With the LEGO films, a Secret Life sequel, an upcoming Playmobil film — not a joke — and all the other big studio animated films, it’s easy to miss out on the smaller films from less well-known studios. One such film is the upcoming release of director Sergio Manfio’s Leo Da Vinci: Mission Mona Lisa, a charming Italian film which spent all of 2019 releasing in various overseas countries before landing in the States. Does it have the biggest names in Hollywood? No. Does it feature a well-rounded cast of characters? Not exactly. But will it entertain your littlest of kids for a while? Absolutely.
The young inventor Leo Da Vinci (voiced by Johnny Bosch) live in a small town in Italy where he tools away the time devising new and amazing creations. When not devising a new method of motorized transport he calls the Barrel or a suit capable of helping the wearer walk underwater safely, he’s spending time with friends Lorenzo (voiced by Bryce Papenbrook) and Lisa (voiced by Cherami Leigh), the latter for whom he harbors a secret crush. Returning home after testing out new equipment, the trio discover that the crops on Lisa’s family farm all burned down. Without the harvest from the fields, Lisa’s father won’t be able to pay the rent on the land and Lisa may have to marry the landowner’s son as payment. Convinced he can find a solution to save his friend, Leo heads to Florence where he learns of a buried treasure that may be the key to saving Lisa’s land and freedom. What Leo doesn’t realize is that a band of pirates has an eye on the treasure as well and will stop at nothing to get it.
Leo Da Vinci has more in common with Disney’s Goldie & Bear, a series which takes the fables of our youth and lets them play in a giant sandbox, than say Disney’s Mulan, which borrows from a historical figure, Hua Mulan, to create its story. This shouldn’t suggest that there’s nothing of value in the tale, but it’s important to set expectations. As far as history is concerned, no one really knows who the real Mona Lisa was or what her relationship with the artist and inventor was, but that didn’t stop Manfio and co-writer Francesco Manfio from embellishing one of their own. This allows them to craft an action-adventure story with a hint of romanticism for the era in human history. The Renaissance was a period of inspiration and invention as the concepts and creations from the Middle Age gave way to the notions which serve as the foundation for modern thought and innovation. That’s an exciting time to use as their jumping off point and the story takes full advantage of that, even using knock-off concepts of Leo’s work as props for jokes. Keep in mind, however, that the time period only serves as an entry point to Leo as a character and not as the real deal. Leo Da Vinci is as much an inspired by true events film as National Treasure, but that doesn’t stop it from being entertaining. That said, Leo is decidedly for a younger audience that Treasure is.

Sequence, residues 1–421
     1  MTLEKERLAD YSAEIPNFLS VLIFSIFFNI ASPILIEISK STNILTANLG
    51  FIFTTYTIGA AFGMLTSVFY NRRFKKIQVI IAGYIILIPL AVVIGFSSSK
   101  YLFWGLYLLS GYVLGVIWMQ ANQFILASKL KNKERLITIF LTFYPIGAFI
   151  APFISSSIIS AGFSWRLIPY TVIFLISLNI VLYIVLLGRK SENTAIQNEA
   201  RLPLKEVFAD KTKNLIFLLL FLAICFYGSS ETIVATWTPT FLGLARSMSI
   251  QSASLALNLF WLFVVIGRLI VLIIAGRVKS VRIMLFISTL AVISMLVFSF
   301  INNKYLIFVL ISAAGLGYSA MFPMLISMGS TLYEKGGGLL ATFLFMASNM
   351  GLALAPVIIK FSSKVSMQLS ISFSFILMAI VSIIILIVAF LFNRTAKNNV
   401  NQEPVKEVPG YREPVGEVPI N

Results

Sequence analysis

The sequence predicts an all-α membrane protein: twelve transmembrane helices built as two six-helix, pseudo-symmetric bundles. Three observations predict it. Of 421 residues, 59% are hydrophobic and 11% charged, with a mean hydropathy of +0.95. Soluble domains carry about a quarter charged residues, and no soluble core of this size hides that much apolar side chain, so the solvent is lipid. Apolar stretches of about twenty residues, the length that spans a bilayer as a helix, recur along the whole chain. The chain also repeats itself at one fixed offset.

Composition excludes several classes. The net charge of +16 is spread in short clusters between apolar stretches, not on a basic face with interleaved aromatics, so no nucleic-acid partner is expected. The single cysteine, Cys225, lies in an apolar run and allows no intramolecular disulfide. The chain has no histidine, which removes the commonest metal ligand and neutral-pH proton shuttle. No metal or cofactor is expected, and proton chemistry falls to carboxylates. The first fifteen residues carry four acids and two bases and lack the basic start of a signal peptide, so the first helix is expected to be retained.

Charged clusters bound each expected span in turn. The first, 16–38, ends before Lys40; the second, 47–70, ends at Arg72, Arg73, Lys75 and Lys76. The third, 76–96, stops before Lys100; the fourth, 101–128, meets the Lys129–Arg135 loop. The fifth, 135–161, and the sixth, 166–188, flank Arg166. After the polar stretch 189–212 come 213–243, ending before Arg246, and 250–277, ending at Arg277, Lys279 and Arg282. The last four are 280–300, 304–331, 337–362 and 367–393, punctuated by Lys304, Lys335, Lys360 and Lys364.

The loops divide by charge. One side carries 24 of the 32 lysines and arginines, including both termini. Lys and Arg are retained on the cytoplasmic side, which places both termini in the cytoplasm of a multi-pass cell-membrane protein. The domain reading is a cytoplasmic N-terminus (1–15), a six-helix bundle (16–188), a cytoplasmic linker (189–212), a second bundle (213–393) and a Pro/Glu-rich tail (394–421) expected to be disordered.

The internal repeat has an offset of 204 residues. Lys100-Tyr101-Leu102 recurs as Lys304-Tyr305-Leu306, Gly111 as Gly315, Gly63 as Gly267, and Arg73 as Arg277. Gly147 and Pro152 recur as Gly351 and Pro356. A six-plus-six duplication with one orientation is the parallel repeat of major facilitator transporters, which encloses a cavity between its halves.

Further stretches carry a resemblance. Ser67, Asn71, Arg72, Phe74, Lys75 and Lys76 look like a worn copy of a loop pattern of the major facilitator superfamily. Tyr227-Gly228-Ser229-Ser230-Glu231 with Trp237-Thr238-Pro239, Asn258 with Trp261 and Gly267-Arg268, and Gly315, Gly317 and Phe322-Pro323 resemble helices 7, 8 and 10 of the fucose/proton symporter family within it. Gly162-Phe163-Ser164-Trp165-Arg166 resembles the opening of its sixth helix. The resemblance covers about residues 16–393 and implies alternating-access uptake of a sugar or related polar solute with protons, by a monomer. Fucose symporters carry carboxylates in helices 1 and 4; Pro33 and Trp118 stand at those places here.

If you’ve ever seen Netflix’s Beat Bugs or Disney’s Goldie & Bear, then the animation style within Leo Da Vinci will not only look familiar, but communicate the exact kind of adventure audiences are in for. It’s not low-grade by any stretch, it’s just that the other aforementioned programs aren’t as interested in mind-blowing animation (see: Spider-Man: Into the Spider-Verse) as they are in telling a wholesome story that will entertain their audience. That means slightly exaggerated features, characters who are more tropes than individuals, animals who can balloon out past reason, and violence that’s more implied than explicit. Considering that the film is clearly aiming for family-friendly entertainment, the kind you can plop your child in front of for over an hour and not worry about what they might see or experience, it hits all the target areas. Silly jokes, sly references to Da Vinci’s famous works, and a love story which is sweet, even if a touch problematic.
We’re now in an era of too much content. Digital platforms are multiplying, content is increasing, and all of it is becoming harder to navigate. This is especially problematic for families who just want to put something on without worrying about language, violence, or, really, any kind of content that might influence or negatively impact their kids. Granted Leo Da Vinci: Mission Mona Lisa is a theatrical release, not something that can be enjoyed at home, but there’s still an opportunity here to beat the heat and enjoy a worry-free cinematic experience. No world-ending threats, no beings of superhuman power, no violent exploits, no real danger of any kind. Just some wholesome fun. When you’re looking for family entertainment, what more do you real need?
In select theaters beginning August 2nd, 2019.
Final Score: 3 out of 5.